Director: Yaron Zilberman
Cast: Philip Seymour Hoffman, Christopher Walken, Catherine Keener, Mark Ivanir, Imogen Poots, Nina Lee
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“Wow.” That’s Christopher Walken’s cellist Peter responding to the news that he has Parkinson’s – a condition that will eventually leave him unable to play with his string quartet, The Fugue. It’s a word we’ve heard Walken say many times before in his career, but never like this.
Here, in a markedly un-Walken-like fashion, it’s almost whispered – more a deflation than an actual line of dialogue.
He is just one of four equally fantastic actors in Yaron Zilberman’s movie. The revelation of Peter’s Parkinson’s ripples down the tightly knit group, from first violinist Daniel (a preening Ivanir) through to his daughter-like figure on the viola, Juliette (a sad Keener), and her fellow violinist husband Robert (Hoffman), causing their threads to loosen and unravel. Soon, Robert is grumbling about always being second fiddle to a perfectionist, Peter is reflecting on his own mortality, and the rest of the troupe are scouting around for a replacement cellist.
Every few minutes someone will say something like: “What does this mean for The Quartet?” or “I fear for The Quartet.” You half expect a giant beast called The Quartet to burst out from Peter’s loft after being driven mad by all the middle-class indecision. But that same earnest tone is the film’s strength: released in the UK in the same week as the comparatively immature Spring Breakers, Zilberman’s sober script is unafraid to treat classical music seriously and emotionally, exploring family conflicts in a chamber crew with a determinedly straight face.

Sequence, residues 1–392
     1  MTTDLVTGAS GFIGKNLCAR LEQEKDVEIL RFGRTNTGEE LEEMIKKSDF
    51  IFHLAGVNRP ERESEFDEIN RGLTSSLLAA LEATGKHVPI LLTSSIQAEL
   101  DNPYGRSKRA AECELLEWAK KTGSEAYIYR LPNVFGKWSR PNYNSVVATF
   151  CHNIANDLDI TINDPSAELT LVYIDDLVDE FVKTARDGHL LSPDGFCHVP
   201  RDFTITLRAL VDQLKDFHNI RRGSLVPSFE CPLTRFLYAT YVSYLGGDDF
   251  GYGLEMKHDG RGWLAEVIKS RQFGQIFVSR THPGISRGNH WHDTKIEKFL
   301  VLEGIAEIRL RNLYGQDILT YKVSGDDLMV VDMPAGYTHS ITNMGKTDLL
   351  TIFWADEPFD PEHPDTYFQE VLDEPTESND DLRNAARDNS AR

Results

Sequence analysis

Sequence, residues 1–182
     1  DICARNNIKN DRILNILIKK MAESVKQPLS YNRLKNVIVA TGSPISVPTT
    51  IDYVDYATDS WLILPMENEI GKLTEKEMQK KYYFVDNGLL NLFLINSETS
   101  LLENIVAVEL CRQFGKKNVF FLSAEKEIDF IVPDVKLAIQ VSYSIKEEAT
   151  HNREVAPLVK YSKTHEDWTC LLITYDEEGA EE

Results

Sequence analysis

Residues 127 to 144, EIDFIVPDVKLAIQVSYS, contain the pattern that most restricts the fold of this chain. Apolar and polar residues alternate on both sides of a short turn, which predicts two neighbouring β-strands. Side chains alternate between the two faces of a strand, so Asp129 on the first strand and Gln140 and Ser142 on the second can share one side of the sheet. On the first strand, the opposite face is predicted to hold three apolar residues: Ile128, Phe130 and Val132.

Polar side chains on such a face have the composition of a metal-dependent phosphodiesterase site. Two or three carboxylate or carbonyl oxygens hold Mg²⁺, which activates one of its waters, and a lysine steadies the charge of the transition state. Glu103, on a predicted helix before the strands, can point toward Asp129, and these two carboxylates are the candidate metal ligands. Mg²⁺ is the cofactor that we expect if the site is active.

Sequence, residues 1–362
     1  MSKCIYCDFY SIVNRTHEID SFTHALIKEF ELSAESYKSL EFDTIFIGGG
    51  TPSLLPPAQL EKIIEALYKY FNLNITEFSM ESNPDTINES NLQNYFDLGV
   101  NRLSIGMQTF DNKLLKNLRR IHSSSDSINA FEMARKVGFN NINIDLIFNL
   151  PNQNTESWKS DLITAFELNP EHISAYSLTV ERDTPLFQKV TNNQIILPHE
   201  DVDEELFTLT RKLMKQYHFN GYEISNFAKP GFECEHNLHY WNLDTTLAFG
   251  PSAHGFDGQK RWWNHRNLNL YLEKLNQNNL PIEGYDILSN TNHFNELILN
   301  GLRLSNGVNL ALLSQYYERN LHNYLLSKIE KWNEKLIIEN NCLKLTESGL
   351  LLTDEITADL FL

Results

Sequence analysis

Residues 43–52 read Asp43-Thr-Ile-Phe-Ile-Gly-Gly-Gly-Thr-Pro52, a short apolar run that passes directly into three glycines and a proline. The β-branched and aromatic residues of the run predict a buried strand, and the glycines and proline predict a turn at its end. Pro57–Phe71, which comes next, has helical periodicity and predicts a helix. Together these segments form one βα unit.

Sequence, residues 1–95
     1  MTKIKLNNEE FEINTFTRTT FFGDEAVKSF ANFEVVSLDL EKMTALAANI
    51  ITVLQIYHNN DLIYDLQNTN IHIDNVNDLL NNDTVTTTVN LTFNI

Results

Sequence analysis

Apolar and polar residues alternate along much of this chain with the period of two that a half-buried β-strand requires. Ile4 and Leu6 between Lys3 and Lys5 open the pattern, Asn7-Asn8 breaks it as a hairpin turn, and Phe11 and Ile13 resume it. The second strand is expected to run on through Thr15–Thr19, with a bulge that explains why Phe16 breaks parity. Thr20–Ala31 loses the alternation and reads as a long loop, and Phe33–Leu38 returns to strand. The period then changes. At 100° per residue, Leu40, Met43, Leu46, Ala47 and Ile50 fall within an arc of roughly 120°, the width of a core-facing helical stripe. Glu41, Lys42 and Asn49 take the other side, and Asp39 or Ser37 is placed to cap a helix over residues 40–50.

The themes will resonate a lot with musicians, and the cast are uniformly brilliant, perfectly conveying the trust and support upon which a quartet relies – even doing a satisfactory job of miming a few passages on their own instruments. Hoffman, in particular, shines as the group’s unhappy antagonist, while the drama is given even more depth by Imogen Poots, who puts in an astonishing turn as Robert’s passionate daughter. But Walken is the headliner here, delivering flashbacks and quiet gestures with a permanently haunted facial expression.
As you would expect, everything is scored beautifully by Angelo Badalamenti, weaving his own themes with those of Beethoven, who The Fugue are rehearsing for an upcoming concert. Beethoven’s Opus 131, no less. A rather revolutionary quartet, it’s got seven movements (as opposed to the usual four) and is played Attaca – without pause. As Peter puts it: “Our instruments must in time go out of tune, each in its own quite different way.”
The parallels may be worn on its sleeve, but A Late Quartet is a testament to the importance of performance in creating art. Played by the wonderful Brentano String Quartet (whose own cellist Nina Lee makes a cameo appearance), the music swells and falls with gorgeous harmonies, right up to a final, graceful pause. And what could’ve been a maudlin, middlebrow, mediocre script is transformed into a pleasantly engaging and intelligent drama. A Late Quartet is a moving ensemble piece played by four performers – all of them in perfect tune. Like the understated Walken, your ears will be left muttering a single syllable in surprise.